Kuala Lumpur - Kish Island

Kuala Lumpur Travel Blog

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We left KLIA airport at 0900 for one of the longest journeys I've ever made - 20 hours from doorstep to doorstep! We took Gulf Air to Bahrain, caught a connecting flight to Dubai, took a cab to Dubai's terminal 2, then caught a domestic flight to Kish Island on Kish Air. Terminal 2 which is about 25 mintes from Dubai's main terminal is a story in itself! Let's just say it resembles a market - it serves flights to India as well as Kish Island and unfortunately Indian passengers are treated rather badly by the airport staff - very depressing!

Getting ready to go to a strict muslim country like Iran, i didn't really know what to expect. As a Muslim I am modestly dressed but was reminded by my husband to be extra cautious as I should not create unnecessary attention. Maybe i need not have been too careful - you see, Kish Island serves as an exit point for foreign workers in Dubai who want their visas renewed. With fellow passengers from Russia, the Phillipines, India and China, I would say i was extremely decent! It must be noted though that at Kish Airport, women are given scarfs and robes to wear for their whole duration on the island if they are not prepared. It was fun watching the transformations of the sexy Russian travellers who were extremely underdressed change to totally covered ladies any Muslim husband would have been proud of!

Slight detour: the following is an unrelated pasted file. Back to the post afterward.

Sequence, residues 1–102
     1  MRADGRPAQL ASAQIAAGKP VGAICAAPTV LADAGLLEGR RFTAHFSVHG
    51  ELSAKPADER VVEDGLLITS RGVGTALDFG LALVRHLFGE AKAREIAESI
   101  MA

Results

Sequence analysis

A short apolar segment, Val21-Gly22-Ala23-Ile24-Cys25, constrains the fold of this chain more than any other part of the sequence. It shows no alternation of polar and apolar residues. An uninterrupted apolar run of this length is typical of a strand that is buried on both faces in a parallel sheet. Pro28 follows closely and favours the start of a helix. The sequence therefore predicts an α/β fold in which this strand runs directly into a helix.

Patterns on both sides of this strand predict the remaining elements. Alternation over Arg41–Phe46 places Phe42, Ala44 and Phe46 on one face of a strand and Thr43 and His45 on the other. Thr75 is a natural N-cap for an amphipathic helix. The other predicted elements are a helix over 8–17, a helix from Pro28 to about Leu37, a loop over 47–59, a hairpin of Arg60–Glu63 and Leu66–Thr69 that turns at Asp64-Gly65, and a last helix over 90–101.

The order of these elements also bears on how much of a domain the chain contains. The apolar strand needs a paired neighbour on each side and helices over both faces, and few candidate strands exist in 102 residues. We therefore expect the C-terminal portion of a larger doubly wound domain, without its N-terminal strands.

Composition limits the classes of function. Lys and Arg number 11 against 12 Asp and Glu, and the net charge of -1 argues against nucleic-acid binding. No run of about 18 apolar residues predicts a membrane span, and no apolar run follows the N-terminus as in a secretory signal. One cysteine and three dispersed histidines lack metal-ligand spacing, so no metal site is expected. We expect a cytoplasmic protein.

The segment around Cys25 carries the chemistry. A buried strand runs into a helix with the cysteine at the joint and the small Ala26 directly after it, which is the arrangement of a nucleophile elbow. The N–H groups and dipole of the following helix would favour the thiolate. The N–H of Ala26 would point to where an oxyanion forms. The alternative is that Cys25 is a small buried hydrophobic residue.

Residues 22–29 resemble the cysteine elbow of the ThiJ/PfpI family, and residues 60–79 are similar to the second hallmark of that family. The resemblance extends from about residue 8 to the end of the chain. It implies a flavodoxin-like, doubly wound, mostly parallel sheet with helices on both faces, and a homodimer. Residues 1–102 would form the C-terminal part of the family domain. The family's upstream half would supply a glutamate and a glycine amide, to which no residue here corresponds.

Arriving on the last flight from Dubai, we arrived at the small but well kept airport to lovely autumn weather. Kish which shares the same weather  as Dubai was great in November. Our lovely hosts then drove us to our apartment in the upmarket Saddaf area, our home for the next 3 weeks. It was a 1 and 1/2 storey town house that was in an area about 10 minutes from Kish town centre. The Saddaf neighbourhood houses ultra modern homes - great looking but unfortunately the workmanship wasn't that great - the labourers are mostly from Pakistan and Afghanistan and the impression was that they did not use a ruler or plumbline!

Kish being an island, everything from trees to food had to brought in by boat...making it expensive - and because of the embargo by the US many things were unavailable. The water was treated saline water and had a peculiar taste - even my normal cup of green tea had a salty tinge to it so had to resort to drinking thick coffee to  mask the taste!

 

 

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